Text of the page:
Furthermore, diabetes and impaired glucose homeostasis appeared to have increased when compared with the findings of other, older, national surveys. In analysing the data per province, it showed that the figure for the Northern Cape was significantly higher than in the other provinces (21.7%), while Limpopo showed the lowers prevalence at 4.6%.

Cholesterol
Of equal concern was the overall finding of high blood cholesterol in almost a quarter of the population (Figure 5). There were gender differences in the prevalence of high total cholesterol, with females found to have higher prevalence when compared with males. Indians had the highest prevalence, whereas black Africans had the lowest prevalence. Although high blood cholesterol does run in families, the more common associated cause includes the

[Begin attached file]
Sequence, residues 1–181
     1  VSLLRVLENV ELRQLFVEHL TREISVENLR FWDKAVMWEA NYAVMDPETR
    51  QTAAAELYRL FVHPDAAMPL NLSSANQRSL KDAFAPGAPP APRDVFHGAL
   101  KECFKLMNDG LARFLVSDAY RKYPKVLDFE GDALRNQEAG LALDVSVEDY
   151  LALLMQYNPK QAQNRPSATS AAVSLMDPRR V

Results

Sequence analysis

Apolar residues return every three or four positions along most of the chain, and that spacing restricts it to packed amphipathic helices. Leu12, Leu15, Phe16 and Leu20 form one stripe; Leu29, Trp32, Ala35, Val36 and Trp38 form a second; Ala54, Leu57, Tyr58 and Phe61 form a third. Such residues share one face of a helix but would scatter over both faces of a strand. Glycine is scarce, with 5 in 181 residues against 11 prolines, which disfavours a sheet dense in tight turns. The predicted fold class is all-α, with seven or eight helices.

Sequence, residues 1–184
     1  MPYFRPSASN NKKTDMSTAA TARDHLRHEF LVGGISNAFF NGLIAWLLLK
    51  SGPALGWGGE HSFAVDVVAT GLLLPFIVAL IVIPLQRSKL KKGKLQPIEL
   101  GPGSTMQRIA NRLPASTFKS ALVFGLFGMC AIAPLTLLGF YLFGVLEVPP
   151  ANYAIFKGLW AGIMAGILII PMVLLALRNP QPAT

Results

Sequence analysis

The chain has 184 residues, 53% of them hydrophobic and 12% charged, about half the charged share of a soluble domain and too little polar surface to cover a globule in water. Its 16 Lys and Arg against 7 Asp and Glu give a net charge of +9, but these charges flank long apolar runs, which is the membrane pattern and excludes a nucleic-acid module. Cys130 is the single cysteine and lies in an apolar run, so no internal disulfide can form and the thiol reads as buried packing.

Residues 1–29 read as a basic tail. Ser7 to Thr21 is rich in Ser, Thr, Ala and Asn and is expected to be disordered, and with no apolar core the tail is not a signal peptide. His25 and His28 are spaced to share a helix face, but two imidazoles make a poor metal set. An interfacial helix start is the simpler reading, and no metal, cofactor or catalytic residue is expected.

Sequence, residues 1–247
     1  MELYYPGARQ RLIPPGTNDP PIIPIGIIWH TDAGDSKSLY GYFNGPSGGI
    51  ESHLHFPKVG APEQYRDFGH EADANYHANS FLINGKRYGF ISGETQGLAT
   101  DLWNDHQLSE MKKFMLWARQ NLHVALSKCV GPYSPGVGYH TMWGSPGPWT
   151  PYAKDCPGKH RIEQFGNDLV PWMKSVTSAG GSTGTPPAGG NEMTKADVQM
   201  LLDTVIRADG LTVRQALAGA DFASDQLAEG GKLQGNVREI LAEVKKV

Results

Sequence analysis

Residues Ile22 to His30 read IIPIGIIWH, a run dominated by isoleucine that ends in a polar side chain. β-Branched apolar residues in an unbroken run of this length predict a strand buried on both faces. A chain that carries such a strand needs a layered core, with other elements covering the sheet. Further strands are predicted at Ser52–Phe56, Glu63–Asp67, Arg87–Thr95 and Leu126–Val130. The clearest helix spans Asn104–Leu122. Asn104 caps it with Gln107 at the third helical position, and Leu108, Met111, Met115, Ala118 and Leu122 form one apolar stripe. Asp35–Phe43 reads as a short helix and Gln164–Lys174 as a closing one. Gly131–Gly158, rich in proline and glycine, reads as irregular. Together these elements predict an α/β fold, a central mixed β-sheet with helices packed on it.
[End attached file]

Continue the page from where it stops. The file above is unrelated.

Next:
excessive dietary intake of foods high in saturated fat, being overweight or obese, and inadequate physical activity.

A weighty matter
On the weighty matter of excessive body weight, many factors (including genetics) are known and claimed to be the cause to a greater or lesser extent. But the basic principle still remains, namely that the equation of energy ingested in the form of food should balance the energy expended through physical activity and bodily function maintenance. Disturbances in this equation lead to weight changes (weight gain or weight loss). Excessive eating, be it in the form of energy dense foods or large portion sizes in relation to energy expended (physical activity/inactivity) is generally accepted as the main cause of overweight and/or obesity.

In this study, the findings of overweight and obesity in the population, which may contribute to various NCDs such as
high blood pressure, heart problems, and stroke, were of major concern.